Another is that in many cases offering choice, parents returned to schools labeled "failing" within a couple years of taking the choice for factors more social than academic.

      Interesting study from a pro-choice think tank in Milwaukee:

      Dodenhoff, D. (2007, October). Fixing the Milwaukee public schools: The limits of parent-driven reform. Wisconsin Policy Research Institute Report, 20(8). Thiensville, WI: Wisconsin Policy Research Institute, Inc. Retrieved 6 August 2009 from the Wisconsin Policy Research Institute 20/Vol20no8/Vol20no8p1.html  

      •  Link to the Milwaukee study was broken (0+ / 0-)

        and your study sounds interesting. I don't see why choosing based on factors other than academic quality should matter. Plenty of people choose colleges based on factors other than academic quality as well, and nobody blinks an eye.

        And what's wrong with choice being offered, but few parents take it? That would seem to be the best of all worlds that can please everyone. The neighborhood schools are still full of kids of a variety of types, but no parent is trapped.

        As I've said further up, so long at least some parents choose to put their kids in alternative kinds of arrangements, I'll be actively (I help community-based nonprofits in low-income communities start charters) supportive of providing those choices. I'd love to see a world where there are so many different choices that there aren't "lotteries" for excellent schools of whatever type, and failing schools are quickly closed down and re-opened under new management.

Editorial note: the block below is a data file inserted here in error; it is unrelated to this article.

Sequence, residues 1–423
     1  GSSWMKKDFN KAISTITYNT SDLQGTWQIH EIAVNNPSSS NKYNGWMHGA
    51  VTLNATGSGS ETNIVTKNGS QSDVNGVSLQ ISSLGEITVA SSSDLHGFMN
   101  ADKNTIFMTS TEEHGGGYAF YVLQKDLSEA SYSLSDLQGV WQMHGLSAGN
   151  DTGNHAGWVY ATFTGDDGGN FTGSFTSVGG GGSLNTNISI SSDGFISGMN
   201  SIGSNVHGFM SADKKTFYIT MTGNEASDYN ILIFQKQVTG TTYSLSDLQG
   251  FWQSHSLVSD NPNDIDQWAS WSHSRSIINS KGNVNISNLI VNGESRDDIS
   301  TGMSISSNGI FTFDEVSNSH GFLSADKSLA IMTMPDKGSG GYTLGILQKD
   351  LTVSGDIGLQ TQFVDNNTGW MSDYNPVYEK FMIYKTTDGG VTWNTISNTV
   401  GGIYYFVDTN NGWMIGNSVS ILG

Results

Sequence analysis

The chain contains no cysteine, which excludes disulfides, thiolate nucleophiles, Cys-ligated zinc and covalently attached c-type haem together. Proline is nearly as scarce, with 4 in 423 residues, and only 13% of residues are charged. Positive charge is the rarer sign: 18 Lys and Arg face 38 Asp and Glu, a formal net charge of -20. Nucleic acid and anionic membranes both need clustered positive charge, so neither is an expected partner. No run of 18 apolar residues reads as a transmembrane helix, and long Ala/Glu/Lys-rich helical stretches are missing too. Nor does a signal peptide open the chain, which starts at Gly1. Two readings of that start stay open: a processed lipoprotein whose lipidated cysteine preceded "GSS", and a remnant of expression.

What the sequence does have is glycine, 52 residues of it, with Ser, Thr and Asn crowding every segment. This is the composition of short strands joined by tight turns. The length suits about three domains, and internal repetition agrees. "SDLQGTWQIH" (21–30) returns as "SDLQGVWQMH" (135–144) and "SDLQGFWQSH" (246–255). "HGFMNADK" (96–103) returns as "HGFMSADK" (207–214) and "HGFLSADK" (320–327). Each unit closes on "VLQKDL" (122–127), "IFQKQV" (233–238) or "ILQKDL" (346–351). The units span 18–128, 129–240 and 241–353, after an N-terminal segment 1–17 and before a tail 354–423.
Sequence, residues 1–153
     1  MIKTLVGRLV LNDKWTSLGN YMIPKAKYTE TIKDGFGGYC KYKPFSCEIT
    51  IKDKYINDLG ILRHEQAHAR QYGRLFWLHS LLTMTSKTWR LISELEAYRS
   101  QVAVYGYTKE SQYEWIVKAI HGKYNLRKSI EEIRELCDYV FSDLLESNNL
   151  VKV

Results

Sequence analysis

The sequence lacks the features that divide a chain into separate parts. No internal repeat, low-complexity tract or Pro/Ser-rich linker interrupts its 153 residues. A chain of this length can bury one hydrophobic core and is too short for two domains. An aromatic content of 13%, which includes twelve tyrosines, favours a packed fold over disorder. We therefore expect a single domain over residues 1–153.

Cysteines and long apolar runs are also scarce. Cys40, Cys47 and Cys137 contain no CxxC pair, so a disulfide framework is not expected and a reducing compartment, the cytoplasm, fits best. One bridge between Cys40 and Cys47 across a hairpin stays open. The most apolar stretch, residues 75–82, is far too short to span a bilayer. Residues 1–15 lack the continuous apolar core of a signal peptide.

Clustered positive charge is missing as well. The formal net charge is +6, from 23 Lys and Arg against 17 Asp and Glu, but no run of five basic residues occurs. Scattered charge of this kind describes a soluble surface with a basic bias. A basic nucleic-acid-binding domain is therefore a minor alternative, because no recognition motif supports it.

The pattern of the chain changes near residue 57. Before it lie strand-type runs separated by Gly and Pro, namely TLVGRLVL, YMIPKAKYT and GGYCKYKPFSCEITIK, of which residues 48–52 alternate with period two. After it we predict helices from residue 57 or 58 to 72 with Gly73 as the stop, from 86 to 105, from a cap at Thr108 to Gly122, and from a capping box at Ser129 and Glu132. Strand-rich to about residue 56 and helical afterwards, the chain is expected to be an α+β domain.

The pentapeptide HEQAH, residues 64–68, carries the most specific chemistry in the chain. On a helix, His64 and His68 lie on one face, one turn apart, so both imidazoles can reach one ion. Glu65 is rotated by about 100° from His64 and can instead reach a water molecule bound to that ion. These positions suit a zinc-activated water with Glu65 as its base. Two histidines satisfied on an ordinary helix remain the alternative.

•  depends on purpose (0+ / 0-)

          IF the purpose of choice is to reform the system (increase academic quality of schools), then the reasons for choice and the participation levels do matter; that is my point

          •  Yeah, I don't really accept that premise (0+ / 0-)

            Public schools should respond to the public. If the public wants to have more choice as to where they are able to send their kids to school, then we should provide it.

            That said, I do think that competition generally improves quality and innovation, and monopolies retard those things. Traditional public schools have operated as monopolies in many cases; if you lacked the funds for private school, then that's where you had to send your kids, even if the school was entirely dysfunctional.

            There's also the question of experimentation. Charter schools for example are often established under alternative pedagogical theories. Over time, it will be interesting to see if any of the more fringey sort of ideas in education actually turn out to be winners. Maybe it's a problem that some kids will have been guinea pigs in failed experiments, but overall, it should improve the situation.

            Again, though bottom line for me is that parents want the choice. Give it to them.

            •  Idealizing competition and charters (0+ / 0-)

              First, the evidence on competition goes against the "belief" we have in it as a culture; I recommend: